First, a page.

Are you planning a trip to Toronto? Do you enjoy discovering and learning about a city’s monuments? Indeed, it’s a beautiful city to visit in any season, for its architecture and its many parks. While developing our Toronto Civic Center Tourist Scavenger Hunt, we identified many great Toronto monuments you should stop and admire.
We’ve limited our list to the downtown core and harbourfront areas, where our scavenger hunts are located.
7 Toronto Civic Center Monuments
- The Arches of Nathan Phillips Square
- The Arches over the water feature in Nathan Phillips Square are named the Freedom Arches
- Canadian Flags Monument
- On Bay Street, between Toronto’s current City Hall and the Old City Hall, stands a grove of flags.
- 18 flags in total are displayed here: 1 for Canada, 1 for each of the 10 provinces, 1 for each of the 3 territories, and 1 for the City of Toronto.
- All are equal before the law
- This monument comprises of a slender and tall pyramid atop which is a plank. On opposite sides of the plank are a lion and a house cat, facing each other.
- It is on the western edge of Nathan Phillips Square, close to Osgood Hall.
- Toronto Sign
- A large Toronto sign is located in Nathan Phillips Square. It’s the ideal location for tourist selfies.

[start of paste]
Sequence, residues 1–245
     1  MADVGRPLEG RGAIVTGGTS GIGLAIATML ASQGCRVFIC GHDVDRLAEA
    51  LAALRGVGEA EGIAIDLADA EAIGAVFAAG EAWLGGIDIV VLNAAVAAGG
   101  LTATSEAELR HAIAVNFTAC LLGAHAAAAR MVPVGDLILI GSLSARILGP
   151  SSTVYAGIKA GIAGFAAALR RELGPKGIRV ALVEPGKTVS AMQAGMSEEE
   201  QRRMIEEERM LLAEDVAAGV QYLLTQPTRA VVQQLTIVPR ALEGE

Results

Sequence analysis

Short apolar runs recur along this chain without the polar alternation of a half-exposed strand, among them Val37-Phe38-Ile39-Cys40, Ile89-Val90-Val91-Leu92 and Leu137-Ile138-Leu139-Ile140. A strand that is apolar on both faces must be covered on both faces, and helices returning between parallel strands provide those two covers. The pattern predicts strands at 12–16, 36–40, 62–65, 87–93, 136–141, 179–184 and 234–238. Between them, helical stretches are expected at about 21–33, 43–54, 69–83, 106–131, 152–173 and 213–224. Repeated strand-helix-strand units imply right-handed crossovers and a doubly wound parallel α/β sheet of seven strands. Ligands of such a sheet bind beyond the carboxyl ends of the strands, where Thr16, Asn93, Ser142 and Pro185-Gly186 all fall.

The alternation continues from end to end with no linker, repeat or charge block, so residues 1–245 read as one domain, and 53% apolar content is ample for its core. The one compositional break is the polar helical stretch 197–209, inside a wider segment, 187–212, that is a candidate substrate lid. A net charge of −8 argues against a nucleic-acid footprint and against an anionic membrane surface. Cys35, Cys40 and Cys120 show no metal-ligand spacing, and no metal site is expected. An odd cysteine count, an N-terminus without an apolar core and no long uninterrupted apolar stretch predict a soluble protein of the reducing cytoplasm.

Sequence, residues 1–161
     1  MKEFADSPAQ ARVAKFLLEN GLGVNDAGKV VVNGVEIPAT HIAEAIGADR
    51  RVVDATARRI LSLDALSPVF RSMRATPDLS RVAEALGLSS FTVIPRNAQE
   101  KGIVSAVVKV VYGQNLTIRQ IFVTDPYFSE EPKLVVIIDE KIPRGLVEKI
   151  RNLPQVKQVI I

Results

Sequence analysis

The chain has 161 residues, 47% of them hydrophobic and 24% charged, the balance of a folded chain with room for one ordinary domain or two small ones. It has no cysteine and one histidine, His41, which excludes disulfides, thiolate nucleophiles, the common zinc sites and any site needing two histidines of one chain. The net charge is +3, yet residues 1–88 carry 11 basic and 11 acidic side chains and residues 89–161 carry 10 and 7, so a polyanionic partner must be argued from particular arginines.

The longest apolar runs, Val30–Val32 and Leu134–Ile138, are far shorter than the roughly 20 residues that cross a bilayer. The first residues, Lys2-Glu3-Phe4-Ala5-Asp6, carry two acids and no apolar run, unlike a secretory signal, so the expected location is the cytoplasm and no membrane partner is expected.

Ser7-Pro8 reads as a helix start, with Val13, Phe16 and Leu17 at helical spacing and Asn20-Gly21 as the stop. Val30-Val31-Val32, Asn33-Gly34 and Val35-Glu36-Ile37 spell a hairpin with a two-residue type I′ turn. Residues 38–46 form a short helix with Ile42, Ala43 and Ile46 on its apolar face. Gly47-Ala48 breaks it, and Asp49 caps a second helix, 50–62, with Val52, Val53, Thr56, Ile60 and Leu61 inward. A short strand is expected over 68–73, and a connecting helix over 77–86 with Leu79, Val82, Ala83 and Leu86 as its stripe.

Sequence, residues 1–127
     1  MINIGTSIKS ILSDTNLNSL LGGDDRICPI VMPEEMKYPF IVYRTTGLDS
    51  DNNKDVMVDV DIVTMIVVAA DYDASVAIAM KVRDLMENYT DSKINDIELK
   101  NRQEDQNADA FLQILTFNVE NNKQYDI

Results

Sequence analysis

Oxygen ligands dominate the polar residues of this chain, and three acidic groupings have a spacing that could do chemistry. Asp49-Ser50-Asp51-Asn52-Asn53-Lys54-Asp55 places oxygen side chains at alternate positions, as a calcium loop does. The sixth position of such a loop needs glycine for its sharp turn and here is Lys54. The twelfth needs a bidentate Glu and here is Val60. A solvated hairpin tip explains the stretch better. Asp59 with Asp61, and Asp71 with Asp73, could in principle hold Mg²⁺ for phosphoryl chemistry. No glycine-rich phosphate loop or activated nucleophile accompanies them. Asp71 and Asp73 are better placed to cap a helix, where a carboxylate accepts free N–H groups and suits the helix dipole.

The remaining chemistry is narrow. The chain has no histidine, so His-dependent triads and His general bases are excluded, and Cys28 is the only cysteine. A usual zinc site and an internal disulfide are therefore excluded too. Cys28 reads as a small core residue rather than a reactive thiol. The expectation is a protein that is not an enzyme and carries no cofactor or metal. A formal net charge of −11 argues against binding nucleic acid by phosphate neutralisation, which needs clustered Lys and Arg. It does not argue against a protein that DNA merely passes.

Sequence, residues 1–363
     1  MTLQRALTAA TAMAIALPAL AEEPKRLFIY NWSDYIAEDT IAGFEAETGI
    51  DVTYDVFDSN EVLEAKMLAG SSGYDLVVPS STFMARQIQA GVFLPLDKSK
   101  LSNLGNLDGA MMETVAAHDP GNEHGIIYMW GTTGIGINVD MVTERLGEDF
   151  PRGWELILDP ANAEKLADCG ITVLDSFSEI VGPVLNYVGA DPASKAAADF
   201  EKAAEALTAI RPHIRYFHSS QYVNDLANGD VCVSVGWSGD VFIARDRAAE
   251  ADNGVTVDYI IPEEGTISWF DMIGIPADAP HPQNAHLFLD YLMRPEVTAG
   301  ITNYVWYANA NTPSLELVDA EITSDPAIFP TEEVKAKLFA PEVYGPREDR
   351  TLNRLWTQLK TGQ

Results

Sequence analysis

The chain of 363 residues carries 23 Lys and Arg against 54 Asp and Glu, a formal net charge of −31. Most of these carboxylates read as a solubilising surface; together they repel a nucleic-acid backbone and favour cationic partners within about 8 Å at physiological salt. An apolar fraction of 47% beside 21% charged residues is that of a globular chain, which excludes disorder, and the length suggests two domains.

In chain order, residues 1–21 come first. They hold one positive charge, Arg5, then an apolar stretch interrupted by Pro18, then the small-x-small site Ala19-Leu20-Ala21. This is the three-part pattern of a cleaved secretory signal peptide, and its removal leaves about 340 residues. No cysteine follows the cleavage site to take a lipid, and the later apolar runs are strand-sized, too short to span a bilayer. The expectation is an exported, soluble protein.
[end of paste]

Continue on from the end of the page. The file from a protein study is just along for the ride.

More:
- South African War Memorial
- Located on University at Queen Street, this large memorial commemorates Canada’s involvement in the Second Boer War in South Africa with Great Britain (1899-1902).
- Erected in 1910 and created by Walter Seymour Allward (1876-1955).
- Pillars of Justice
- On University Avenue, close to the courts of justice, is a monument honoring the men and women who work in Ontario’s justice system.
- Designed by Edwina Sandys and installed in 2007.
- Flight Stop
- Flight Stop is a large number of Canadian Geese captured mid-flight, hanging from the glass ceiling of the Eaton Center, close to Queen Street.
- Created by Michael Snow and installed in 1979.
Try our scavenger hunt to discover these monuments!
We invite you to try Toronto Civic Center Tourist Scavenger Hunt. It is a 2-hour, self-guided walking tour that you do with your smartphone (how it works). Indeed, you’ll come across most of these monuments and much more. Moreover, you’ll enjoy solving the various challenges at each step of the way while learning the history of Toronto. Finally, the cost of for a group of up to 6 persons is $45.Suivez-nous / Follow us